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Supporting students with SEND transition into higher education

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Leila Morne standing at the front of the classroom, smiling.

Leila Morne is an Advanced Autism Practitioner and Lecturer in Autism at Weston College. Leila plays a key role in Weston College’s Centre for Excellence in special educational needs and disabilities (SEND) and explains how the college is supporting students with autism to transition into higher education.

The number of university students with autism is increasing every year, but we know some autistic students find aspects of the university experience challenging.

Not only can this have a negative impact on individual students, their studies and their quality of life, but also on wider society and the contributions of this type of neurodiversity. The world needs different types of thinkers!

Our programme therefore aims to prepare them for a successful transition, as there is more support that is needed beyond the academic preparation needed to secure a place in higher education.

A smoother transition

Leaving home, family and all that is familiar and safe can be daunting for most young people. However, for individuals on the autism spectrum, university entrance may seem like an impossible dream or a predictable nightmare.

At Weston College, we acknowledge that excellence in academia will not automatically mean success at university for students with autism. They may not even feel confident enough to apply in the first place.

The difficulties associated with an autism diagnosis can mean that accepting a place at university is often a highly anxious journey into the unknown. An effective means of reducing anxiety and ensuring success is through experiential learning.

An autism specific ‘dual curriculum’ can help students to gain the necessary skills and understanding for meaningful participation in university life.

Immersive learning experiences

The college has developed and invested in a new initiative that focuses on preparing learners with autism to successfully progress into higher education (HE). We provide an immersive experience where students can live in a HE halls of residence, alongside HE learners, as a transitional year.

Students engage in exciting opportunities to gain relevant, age appropriate, real-life experiences which stretch and challenge them. They are encouraged to develop the independence, social and communication skills needed.

The programme is largely experiential with students learning new skills by ‘doing’ tasks rather than listening to someone telling them how to do a task. Some of these include:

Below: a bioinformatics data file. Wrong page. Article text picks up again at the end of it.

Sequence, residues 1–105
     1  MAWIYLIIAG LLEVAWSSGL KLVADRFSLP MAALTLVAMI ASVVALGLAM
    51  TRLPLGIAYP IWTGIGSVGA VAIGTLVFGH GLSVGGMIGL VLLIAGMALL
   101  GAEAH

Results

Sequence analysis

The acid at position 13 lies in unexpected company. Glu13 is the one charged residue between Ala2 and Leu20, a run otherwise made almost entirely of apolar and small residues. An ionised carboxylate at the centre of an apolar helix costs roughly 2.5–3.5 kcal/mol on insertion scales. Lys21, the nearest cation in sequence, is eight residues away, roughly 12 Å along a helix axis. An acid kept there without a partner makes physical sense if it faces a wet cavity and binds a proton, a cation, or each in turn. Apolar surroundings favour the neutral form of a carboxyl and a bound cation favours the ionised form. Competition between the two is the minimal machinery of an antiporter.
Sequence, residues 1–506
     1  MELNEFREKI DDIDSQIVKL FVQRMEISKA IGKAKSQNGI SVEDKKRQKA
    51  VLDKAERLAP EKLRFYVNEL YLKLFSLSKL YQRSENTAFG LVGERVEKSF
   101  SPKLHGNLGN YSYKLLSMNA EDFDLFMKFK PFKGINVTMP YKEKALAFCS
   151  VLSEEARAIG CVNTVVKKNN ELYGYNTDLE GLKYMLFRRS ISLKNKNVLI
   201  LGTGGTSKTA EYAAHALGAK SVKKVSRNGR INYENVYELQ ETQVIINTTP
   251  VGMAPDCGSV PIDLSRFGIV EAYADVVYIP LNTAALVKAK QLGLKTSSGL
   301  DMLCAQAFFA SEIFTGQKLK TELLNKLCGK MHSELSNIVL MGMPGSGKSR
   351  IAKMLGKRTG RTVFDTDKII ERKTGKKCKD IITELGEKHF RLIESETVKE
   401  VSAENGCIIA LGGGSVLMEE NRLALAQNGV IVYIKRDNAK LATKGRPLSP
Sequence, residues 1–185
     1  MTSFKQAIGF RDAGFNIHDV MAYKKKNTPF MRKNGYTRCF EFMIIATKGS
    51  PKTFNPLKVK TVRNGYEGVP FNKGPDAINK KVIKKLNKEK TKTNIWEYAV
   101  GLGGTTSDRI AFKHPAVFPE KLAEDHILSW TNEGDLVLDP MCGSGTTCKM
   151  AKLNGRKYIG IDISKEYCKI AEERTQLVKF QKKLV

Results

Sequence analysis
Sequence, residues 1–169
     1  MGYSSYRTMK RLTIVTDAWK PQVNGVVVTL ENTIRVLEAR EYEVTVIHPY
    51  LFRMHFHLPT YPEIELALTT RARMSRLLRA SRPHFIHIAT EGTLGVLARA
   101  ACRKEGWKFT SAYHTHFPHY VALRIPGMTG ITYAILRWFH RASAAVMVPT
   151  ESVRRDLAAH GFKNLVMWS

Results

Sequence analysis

• Independence training: shopping, cooking, washing, ironing and cleaning
  • Money management
  • Study skills: use of library; organisational skills; VLE
  • Digital technology: accessibility, chat bots and apps
  • Social skills training: range of activities in the local and surrounding areas
  • Visits to universities and cities
  • Application process and UCAS
  • Student finance application
  • DSA/University disability teams
  • Keeping safe socially, personally, and online
  • Using public transport
  • Driving lessons
  • Employability training for part time / temp jobs whilst at university

Individualised programmes

We make sure that programmes are tailored to the individual student’s needs - many involve new experiences and unfamiliar environments. Ensuring our staff have access to high quality training and SEND practices is so important in order to deliver tailored support programmes for our students. We support and provide staff with opportunities to gain relevant qualifications ranging from Level 2 to Masters Level. All Specialist Practitioners hold a relevant degree in their chosen specialism.

In most cases, these experiences are supported by young people trained as peer mentors by highly qualified Specialist Autism Practitioners. These experiences can include a range of different things from going out in the evening to pubs or clubs, joining sports’ clubs or gyms and accessing local community facilities. Students who find it challenging to cope with the social aspects of university life, are facilitated in doing so.

It is so important that these skills are taught to ensure successful transition to university, future employment and that individual aspirations are achieved. As I’ve seen for myself from our students, the results can be absolutely life changing!

Read further information from UCAS about how to support young people with SEND in their university applications.

We hope that the innovative approach taken at Weston College Group might support others nationally. For more information about how we can help teachers and support staff through the Centre for Excellence in SEND, please email

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